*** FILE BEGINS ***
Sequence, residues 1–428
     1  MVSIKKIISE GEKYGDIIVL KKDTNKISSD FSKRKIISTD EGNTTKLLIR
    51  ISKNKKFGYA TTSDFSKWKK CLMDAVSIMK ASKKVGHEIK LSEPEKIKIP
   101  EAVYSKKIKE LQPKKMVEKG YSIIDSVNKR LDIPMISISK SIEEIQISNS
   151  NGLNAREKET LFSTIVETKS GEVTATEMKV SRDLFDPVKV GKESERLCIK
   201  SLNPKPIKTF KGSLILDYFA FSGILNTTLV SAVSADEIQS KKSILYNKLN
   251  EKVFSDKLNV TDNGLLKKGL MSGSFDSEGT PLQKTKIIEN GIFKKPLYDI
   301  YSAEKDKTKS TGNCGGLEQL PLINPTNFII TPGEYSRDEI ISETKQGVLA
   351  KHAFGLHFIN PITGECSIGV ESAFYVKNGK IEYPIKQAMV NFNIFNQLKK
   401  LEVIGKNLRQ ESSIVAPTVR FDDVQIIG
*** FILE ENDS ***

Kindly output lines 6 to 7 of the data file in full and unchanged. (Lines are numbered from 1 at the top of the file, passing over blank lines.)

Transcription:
   201  SLNPKPIKTF KGSLILDYFA FSGILNTTLV SAVSADEIQS KKSILYNKLN
   251  EKVFSDKLNV TDNGLLKKGL MSGSFDSEGT PLQKTKIIEN GIFKKPLYDI